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January 31st, 2013

On the writing life...

Well, yesterday was a pretty good day.

I heard from the magazine US Catholic, who had solicited an article from me about spiritual reflections on astronomical images, that they've accepted my revisions to the first draft, and, by the way, where should they send the check?

A few emails later, the contract finally arrived from my agent (we'd heard the offer last November, as I recall); an outfit that apparently used to be (and may still be) Image Books but which has a variety of other legal names -- contracts can be confusing that way -- a subsection of Random House, has agreed to hand over $20K to my agent (most of which will find its way into my community's account in Tucson) once we sign this piece of paper, with subsequent similarly large hunks of money coming along when we deliver the manuscript and when it finally appears in print. Oh, yeah; we're supposed to hand them 100,000 words by next November. Piece of cake.

I was thinking about these bits of good news while contemplating Scalzi's recent post on "why I write: to get rich". I know what he's talking about. To deny the importance of payment, denies the work involved in the writing. Simply sitting in front of a keyboard typing in 100,000 words is physical labor in and of itself, not even thinking about having to dream up those words. And exposing one's soul in public with those words comes at a cost as well, one that cannot easily be measured in money but which money does help compensate.

But I see that money that comes from my writing only long enough to hand it over to my community. And my community supports me, physically and emotionally, whether I sell a story or not. So obviously I write for reasons that are independent of money.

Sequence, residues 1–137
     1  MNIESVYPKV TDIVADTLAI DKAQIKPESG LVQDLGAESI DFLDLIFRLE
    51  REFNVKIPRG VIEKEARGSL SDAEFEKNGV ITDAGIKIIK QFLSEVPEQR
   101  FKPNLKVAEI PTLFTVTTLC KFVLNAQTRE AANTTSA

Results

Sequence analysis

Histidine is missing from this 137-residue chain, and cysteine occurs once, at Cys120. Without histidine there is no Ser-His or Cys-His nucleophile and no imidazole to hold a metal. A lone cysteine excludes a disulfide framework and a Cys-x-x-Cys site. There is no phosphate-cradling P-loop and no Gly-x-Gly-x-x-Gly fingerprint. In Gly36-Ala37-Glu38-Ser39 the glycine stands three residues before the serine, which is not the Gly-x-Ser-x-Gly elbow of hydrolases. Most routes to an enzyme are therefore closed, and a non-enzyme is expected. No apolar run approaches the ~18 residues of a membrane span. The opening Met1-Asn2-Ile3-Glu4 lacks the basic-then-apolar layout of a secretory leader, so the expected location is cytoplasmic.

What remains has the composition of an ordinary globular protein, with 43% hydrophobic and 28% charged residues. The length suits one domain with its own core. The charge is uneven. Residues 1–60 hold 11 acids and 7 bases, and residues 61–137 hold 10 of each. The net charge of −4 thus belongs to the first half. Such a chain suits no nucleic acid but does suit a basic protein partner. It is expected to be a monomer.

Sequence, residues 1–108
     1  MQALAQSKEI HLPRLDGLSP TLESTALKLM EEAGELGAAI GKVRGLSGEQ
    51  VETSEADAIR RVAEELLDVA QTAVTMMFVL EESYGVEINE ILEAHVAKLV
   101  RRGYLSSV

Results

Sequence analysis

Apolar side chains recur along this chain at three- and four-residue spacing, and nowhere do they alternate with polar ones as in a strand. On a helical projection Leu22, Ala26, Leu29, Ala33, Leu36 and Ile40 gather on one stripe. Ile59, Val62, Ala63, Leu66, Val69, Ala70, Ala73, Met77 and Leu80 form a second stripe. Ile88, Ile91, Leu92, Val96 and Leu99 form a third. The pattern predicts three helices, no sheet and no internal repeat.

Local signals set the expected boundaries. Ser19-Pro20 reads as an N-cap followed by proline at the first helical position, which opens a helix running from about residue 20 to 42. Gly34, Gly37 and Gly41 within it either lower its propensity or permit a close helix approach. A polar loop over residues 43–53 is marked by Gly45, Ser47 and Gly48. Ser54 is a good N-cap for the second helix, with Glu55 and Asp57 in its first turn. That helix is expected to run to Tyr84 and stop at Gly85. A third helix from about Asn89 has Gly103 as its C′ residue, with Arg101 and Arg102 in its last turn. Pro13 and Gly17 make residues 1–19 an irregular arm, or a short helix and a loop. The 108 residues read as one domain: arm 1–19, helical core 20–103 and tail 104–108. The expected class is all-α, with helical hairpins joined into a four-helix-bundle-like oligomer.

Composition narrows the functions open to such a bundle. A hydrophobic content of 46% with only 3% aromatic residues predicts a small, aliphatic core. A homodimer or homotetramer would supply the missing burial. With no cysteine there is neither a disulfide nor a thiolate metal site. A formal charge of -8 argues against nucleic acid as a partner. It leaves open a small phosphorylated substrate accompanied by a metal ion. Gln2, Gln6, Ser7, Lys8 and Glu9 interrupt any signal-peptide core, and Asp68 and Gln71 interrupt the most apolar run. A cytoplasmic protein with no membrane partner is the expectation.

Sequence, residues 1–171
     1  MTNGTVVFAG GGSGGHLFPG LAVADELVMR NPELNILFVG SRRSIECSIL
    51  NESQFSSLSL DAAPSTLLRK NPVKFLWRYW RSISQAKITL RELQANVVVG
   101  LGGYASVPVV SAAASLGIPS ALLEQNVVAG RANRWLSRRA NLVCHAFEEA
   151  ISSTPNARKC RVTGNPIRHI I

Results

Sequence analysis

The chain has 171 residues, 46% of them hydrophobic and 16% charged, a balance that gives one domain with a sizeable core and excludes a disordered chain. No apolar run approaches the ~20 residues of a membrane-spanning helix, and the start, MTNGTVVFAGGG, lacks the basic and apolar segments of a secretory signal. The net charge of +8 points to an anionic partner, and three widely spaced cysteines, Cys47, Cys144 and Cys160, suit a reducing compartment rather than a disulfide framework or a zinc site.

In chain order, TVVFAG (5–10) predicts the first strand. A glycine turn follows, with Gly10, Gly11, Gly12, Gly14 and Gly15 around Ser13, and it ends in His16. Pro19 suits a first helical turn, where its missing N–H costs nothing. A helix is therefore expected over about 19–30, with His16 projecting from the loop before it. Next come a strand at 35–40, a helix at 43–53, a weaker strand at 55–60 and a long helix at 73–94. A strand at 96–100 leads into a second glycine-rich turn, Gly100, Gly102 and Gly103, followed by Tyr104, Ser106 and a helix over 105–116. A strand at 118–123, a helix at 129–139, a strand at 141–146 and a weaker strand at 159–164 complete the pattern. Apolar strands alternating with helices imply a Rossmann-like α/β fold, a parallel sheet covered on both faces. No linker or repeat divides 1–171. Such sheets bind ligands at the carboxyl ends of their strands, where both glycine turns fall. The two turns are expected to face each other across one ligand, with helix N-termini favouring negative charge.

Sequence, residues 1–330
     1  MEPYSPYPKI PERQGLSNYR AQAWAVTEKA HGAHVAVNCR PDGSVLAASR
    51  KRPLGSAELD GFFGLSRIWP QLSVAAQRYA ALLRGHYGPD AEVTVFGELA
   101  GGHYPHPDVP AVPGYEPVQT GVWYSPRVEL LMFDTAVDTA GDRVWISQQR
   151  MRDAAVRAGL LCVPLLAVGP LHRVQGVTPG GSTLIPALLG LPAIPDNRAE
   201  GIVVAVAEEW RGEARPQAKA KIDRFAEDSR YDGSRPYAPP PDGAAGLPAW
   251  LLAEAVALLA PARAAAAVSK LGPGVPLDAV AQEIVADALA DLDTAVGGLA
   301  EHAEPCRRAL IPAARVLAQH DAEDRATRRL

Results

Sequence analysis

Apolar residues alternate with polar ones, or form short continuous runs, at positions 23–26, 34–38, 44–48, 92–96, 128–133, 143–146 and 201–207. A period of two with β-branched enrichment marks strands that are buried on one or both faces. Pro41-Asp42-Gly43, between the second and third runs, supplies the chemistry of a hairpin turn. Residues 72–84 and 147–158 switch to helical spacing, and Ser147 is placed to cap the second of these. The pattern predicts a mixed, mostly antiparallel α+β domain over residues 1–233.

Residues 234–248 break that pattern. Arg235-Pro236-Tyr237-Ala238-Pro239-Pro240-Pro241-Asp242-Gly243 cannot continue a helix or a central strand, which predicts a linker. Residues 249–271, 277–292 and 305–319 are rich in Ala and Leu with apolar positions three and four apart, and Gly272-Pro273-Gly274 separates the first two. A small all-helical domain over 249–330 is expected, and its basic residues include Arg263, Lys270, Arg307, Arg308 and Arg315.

Scalzi probably publishes as many words a year in his blog and tweets as he sells to Tor. A cynic might say that his public presence online is a very clever marketing ploy. Certainly if a reasonable fraction of his followers buys each book as it comes out, out of a sense of "friendship" to someone they think they know well even if he can't possibly know them, he'll sell more books in a year than I ever will. But "being somebody" online only to sell books doesn't work -- lesser authors who try that trick come across as phony. And meanwhile, even with a huge ego, at some level it's dreadful to be somebody, to be public, like a frog... as Emily Dickinson pointed out more than a century ago.

Scalzi's public life also comes at a cost to the privacy of the rest of his family. I am reminded, actually, of Oliver Wendell Holmes, Sr., who wrote a regular column in the mid 1800's called "The Autocrat of the Breakfast Table" that was the equivalent of such a blog. His son was mortified to have all his doings (including later articles describing his service in the Civil War) spread across the month pages of the Atlantic. Somehow, OWH Junior survived the experience, however.

We who write, write because we have to. If we didn't have to, we wouldn't. But we can't not write.

Getting paid for it, lets some of us feed the habit. But it validates the experience for all of us, whether we need the cash or not.

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